Last week Matt and I went to SXSW (South by SouthWest). For those who don’t know this is a massive conference consisting of people from the music, film/ tv, and innovation industries (don’t ask me to explain the last one it’s sorta like inventions and investments). The goal for Matt and I was to attend panels and listen to speakers who are professionals in the film/ video field. Topics of some of the panels we attended include “how to successfully fund a film”, “different editing workflows for different mediums”, “TV vs Digital in comedy”, and “how to successfully start and continue a podcast.”
The information we gleamed from these panels was somewhat helpful. The problem Matt and I kept seeing was that every panel was more focused on how these topics relate to the major Film and TV industry. There was a lot of great information on how to make your way into the industry and lock down a position but wasn’t what I was really looking for. I wish I’d have gone to this conference long ago before going to a University to study “communications” for 4 years. A full load at this conference along with some basic technical training and I’d have been set.
Truthfully I never wanted to start as a low level intern and climb the ladder. I’ve always wanted to do my own thing. That’s why I’m so in love with what we do now at TSD. Thanks to the internet and social media we can create our own content and put it out there for everyone to see! Even though YouTube, Facebook, Vimeo, etc have been around for awhile this concept is still relatively new to a lot of people.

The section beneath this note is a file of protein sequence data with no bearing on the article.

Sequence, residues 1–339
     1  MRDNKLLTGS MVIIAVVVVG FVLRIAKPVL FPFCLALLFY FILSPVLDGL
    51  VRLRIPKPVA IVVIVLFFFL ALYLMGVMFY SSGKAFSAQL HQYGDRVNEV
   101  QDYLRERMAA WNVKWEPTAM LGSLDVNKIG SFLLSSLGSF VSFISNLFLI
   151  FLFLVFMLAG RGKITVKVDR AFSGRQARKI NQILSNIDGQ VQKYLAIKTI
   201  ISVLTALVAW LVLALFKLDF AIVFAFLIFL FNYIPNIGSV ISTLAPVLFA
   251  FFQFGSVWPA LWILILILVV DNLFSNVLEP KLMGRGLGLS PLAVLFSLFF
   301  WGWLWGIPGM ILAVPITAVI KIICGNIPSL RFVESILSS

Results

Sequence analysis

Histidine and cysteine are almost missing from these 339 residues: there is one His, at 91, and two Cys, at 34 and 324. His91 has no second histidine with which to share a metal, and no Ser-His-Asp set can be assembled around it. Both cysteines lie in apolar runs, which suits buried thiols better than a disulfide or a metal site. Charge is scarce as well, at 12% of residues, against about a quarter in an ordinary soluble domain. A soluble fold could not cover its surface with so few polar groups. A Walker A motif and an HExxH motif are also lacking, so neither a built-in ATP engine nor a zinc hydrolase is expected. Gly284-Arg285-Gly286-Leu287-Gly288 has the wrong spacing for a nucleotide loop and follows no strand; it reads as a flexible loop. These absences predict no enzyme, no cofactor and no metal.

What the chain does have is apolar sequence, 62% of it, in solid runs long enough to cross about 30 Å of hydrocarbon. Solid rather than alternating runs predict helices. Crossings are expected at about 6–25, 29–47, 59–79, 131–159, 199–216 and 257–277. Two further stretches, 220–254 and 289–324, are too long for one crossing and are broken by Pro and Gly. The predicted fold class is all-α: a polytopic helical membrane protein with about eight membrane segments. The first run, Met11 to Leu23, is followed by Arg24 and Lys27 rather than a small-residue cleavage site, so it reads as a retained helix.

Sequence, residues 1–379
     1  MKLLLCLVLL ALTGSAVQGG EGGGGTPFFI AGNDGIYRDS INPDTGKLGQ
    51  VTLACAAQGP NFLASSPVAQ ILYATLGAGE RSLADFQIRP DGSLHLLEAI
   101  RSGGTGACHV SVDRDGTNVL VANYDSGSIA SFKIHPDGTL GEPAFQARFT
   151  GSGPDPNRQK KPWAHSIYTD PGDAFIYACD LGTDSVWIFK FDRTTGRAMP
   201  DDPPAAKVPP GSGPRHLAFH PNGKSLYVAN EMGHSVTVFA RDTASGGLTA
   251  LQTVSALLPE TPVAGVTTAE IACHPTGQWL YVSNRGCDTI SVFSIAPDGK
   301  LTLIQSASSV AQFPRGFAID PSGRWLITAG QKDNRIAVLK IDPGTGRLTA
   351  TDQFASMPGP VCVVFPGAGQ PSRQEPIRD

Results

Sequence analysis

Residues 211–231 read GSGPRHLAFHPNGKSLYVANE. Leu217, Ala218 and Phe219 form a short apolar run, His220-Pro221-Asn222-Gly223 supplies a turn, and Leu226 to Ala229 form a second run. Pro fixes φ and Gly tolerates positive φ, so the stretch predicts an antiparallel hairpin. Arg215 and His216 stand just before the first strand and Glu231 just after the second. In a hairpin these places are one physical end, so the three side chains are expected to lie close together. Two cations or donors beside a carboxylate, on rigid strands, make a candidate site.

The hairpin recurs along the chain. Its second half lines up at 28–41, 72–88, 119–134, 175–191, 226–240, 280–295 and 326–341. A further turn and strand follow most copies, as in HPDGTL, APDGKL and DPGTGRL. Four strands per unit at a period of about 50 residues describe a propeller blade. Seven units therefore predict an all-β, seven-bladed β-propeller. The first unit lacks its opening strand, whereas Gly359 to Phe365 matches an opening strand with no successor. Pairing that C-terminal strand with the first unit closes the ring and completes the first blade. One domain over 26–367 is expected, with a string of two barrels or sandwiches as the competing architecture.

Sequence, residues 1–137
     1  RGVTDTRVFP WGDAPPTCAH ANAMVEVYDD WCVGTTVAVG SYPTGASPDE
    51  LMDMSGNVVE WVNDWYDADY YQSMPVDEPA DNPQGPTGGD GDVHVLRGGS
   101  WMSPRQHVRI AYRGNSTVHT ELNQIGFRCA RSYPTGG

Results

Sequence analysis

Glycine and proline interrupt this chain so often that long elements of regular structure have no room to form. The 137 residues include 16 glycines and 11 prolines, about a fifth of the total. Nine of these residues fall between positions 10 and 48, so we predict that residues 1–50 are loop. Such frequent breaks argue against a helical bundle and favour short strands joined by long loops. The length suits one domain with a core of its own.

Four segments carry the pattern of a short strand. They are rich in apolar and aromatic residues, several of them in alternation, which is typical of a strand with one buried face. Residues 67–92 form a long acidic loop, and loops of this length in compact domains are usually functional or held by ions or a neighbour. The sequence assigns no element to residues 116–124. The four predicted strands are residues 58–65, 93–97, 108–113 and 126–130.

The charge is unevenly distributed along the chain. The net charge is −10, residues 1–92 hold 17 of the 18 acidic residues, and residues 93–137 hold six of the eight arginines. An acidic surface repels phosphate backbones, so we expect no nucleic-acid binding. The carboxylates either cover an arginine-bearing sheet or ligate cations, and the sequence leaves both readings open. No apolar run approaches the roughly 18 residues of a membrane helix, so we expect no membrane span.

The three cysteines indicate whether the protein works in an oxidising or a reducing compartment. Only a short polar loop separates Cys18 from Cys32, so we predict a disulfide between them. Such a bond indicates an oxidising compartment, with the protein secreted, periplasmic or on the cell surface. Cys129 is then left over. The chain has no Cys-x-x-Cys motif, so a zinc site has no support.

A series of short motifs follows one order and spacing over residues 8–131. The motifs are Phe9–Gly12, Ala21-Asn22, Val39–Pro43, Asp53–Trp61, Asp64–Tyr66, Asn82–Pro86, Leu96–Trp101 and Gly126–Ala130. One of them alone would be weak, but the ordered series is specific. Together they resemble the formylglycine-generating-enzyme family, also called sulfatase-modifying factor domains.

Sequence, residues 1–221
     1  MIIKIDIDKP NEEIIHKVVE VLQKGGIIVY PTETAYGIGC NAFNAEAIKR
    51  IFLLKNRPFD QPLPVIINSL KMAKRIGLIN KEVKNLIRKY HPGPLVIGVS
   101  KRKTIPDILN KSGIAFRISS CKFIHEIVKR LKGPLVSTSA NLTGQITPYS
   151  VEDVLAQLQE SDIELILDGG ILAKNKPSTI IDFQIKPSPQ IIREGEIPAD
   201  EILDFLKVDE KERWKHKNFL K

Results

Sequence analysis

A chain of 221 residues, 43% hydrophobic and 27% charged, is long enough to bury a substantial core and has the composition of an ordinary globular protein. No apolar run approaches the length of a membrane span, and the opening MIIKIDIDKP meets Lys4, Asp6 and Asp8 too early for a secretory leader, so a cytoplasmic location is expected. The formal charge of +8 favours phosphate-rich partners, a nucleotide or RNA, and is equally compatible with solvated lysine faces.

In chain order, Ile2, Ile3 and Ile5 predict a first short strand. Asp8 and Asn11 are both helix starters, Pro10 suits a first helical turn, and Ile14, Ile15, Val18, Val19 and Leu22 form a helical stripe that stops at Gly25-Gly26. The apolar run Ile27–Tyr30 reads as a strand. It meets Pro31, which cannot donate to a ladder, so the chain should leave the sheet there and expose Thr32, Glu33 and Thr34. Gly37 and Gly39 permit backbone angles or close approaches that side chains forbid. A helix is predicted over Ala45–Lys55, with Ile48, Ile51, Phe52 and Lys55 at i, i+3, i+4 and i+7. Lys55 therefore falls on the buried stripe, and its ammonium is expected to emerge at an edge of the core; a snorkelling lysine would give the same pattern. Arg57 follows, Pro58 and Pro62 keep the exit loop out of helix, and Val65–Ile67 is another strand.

Out of all the hours of video I consume (and trust me it’s a lot) I’d say 30% of it comes from independent creators or small studios who exclusively launch online. Whether through their own site, YouTube, Facebook, or some other platform the only place you can find their work is via the internet. The crazy thing is they have as much if not more of a fanbase than Hollywood movies and “Main Stream Television.”
One reason for their being so many fans is the level of fan engagement. Online you don’t just passively watch a show alone. You can respond directly to the creators and they can respond back. Their struggle to create becomes something you share in and in doing so you become more of a part of what you enjoying watching. As an example let me engage you by asking what other channels or content do you enjoy that can only be found online?
I honestly want to find more great content out there and it’s a vast ocean. I’ll list some of my own long standing favorites below as well because I believe in sharing this idea. The idea that there’s so much more out there than what the Main Stream Industry has to provide and we need to make more people aware of that. No hate on the main stream I love my Netflix and Amazon Prime.
I’ll put my list of favs below. I’m keeping it strictly unique content. I watch a lot of critic based shows but that’s not really what I’m talking about here. Thanks for reading:
* All of these you can find on YouTube
The Guild (Created by Geek and Sundry. One of the first of it’s kind and perfect for anyone who’s ever been sucked into an MMO)
Space Janitors (One of the best Scifi parody shows I’ve seen in a long time.)
RWBY (Created by Rooster Teeth and my favorite current running Western Anime)
TableTop (It’s watching people play board games but NOT boring trust me. In fact I’ve gone out and bought almost every game they’ve showcased)
Miracle of Sound & Peter Hollens (Separate music composers who create some amazing stuff with awesome videos.)
P.S. SXSW is a great conference I hope it didn’t sound like I coming down on it. Matt and I were not upset by the level of discussion. Also they had so many movie screenings. I got to see Ready Player One early and Steven Speilburg was there to introduce it!!!!! Needless to say it was a great time.